A tough Communist reprisal came over Yugoslavia, which did not allow anyone to own property or run a private business. Were it not for Eugen’s son, Juraj Toto Meneghello, who continued in the family tradition of hospitality, Palmižana would not have survived to become what it is today. He was as fearless and determined as his ancestors and, despite the grave dangers that he faced, he remained on his island to begin construction of a resort in 1945. His guests were among the first to break the iron hold that Tito held over the State, shifting the boundaries of the era towards the future. Toto’s charisma attracted visitors from all over Europe and over the years established the identity of what is still referred to today as Palmižana.


In 1967, a young Zagreb journalist, Dagmar Gebauer, came to visit the island of Hvar and in meeting the charismatic Toto she was irresistibly drawn to his dream.  They married and she became a part of Palmižana and the Meneghello family endeavor and its tradition of hospitality. A tradition built over a century of selfless hardship, turning the arid island stone into one of the finest and richest exotic gardens in the Adriatic.



In the ruins of the century-long tradition of country-house tourism and all its blessings, they continued to live together far from civilization, without links to the mainland, water mains or electricity supplies. Constantly under threat that the Communist regime would destroy them, Toto’s policies rested on his stifling individuality and private initiative in the name of a faceless uniformity. 
Their aim was to provide a refuge for those who wanted a break from civilization, a place in which they could find themselves once more, find a rest for body and soul. In achieving this, the Meneghello family, Toto, Dagmar and their children Eugen (Đenko), Romina and Tarin strove to enhance and enrich Palmižana providing it with a new dimension and appeal: that of the arts and culture.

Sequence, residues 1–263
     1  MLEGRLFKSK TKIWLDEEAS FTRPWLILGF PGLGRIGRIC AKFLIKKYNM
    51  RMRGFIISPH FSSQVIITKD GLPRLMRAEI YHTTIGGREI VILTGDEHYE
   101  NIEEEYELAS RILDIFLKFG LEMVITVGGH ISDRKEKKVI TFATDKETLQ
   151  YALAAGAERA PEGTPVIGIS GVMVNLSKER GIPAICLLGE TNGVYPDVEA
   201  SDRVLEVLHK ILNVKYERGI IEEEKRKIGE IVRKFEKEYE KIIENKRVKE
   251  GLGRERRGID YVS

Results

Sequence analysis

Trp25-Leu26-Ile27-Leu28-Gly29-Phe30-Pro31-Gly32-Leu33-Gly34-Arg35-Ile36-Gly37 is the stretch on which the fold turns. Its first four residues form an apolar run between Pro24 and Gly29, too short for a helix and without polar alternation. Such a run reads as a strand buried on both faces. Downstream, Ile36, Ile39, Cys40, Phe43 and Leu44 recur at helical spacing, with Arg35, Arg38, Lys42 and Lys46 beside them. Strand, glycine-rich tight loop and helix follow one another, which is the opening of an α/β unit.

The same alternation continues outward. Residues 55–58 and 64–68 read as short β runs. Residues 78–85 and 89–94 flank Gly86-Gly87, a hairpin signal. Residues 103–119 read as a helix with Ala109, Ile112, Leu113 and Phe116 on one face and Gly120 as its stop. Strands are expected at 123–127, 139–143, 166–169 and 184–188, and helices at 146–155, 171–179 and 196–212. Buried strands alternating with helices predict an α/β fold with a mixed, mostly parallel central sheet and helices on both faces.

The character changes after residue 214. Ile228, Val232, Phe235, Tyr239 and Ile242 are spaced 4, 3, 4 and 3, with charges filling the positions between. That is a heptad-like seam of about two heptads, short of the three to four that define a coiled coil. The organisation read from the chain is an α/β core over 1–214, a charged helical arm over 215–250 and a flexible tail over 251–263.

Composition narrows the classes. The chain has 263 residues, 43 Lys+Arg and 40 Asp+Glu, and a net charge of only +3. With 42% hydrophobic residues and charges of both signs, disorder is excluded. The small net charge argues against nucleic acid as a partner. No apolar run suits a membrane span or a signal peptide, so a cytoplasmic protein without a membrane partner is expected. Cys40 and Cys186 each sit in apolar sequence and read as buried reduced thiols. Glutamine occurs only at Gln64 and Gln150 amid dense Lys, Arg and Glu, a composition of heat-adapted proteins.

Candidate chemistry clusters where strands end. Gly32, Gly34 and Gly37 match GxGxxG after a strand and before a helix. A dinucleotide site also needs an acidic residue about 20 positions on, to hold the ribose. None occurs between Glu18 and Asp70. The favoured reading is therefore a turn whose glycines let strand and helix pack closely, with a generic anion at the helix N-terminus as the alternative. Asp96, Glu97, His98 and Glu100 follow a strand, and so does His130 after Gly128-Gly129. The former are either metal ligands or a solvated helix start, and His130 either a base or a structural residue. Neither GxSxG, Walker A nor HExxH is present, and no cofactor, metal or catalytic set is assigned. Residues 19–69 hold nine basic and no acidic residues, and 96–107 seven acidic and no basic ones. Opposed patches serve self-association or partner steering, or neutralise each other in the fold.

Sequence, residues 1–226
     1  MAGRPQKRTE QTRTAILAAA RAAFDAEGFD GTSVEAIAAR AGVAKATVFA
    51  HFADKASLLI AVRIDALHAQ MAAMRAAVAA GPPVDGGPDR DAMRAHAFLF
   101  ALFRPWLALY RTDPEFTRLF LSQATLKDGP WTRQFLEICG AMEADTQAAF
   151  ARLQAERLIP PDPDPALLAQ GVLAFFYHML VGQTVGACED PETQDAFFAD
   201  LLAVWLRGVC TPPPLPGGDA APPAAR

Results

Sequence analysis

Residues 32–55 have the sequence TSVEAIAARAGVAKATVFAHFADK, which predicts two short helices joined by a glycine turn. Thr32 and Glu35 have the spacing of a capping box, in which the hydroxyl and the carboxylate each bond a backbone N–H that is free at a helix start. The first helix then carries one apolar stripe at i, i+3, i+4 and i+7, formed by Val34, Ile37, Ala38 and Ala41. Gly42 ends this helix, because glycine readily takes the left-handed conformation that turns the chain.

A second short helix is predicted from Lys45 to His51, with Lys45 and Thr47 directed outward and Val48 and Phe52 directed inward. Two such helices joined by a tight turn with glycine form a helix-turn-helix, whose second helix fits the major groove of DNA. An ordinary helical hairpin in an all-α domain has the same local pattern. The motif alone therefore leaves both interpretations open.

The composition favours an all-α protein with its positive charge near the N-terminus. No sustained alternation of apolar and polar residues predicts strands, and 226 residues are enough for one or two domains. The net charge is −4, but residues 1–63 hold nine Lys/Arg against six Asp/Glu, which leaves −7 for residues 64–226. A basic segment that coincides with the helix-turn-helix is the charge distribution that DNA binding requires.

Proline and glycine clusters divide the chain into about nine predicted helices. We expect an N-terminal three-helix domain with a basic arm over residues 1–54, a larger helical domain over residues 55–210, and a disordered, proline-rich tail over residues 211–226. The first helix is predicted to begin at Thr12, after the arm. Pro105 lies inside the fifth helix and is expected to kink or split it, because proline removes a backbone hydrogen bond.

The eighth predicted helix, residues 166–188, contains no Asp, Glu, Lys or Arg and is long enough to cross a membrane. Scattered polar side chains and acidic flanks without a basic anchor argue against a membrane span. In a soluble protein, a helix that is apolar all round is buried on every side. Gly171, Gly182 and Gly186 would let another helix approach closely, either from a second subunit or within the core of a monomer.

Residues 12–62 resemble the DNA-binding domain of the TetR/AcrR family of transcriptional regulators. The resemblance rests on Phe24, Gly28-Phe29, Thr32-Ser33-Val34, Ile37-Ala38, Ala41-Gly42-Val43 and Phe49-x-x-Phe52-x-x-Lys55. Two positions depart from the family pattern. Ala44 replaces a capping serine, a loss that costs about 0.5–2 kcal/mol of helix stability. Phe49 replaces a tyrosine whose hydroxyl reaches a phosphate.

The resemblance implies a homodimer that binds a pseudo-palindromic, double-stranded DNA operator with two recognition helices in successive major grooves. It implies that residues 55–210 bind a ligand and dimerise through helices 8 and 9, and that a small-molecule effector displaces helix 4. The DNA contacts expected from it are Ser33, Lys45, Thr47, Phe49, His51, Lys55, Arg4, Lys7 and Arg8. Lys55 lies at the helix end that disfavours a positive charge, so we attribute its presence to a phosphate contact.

Dagmar and Toto’s children have together taken upon themselves the responsibility to take care of the family estate and its untarnished landscape. Romina, who lives full-time on Palmižana, has made it her life’s mission to cultivate the family tradition of hospitality, passed down from her grandfather. With tender love and care she devotes her full attention to the island’s guests in a warm and individual manner, thus ensuring that all their needs are met. On the other hand, Tarin lives abroad, and has taken on the public relations role of the endeavor, ensuring that the Meneghello Palmižana tradition is promoted in all corners of the world. Đenko, a palm tree aficionado and member of The International Palm Society, lives on Palmižana all year round. He tirelessly worked with his mother, Dagmar, bringing seeds and plants to the island from all around the world. When more space was needed for his new ‘pets’, he created a breathtaking waterfront setting for his restaurant “Toto’s:” an outdoor haven with a stunning view of the Southern Palmižana Bay and the Stambedar island floating in the horizon.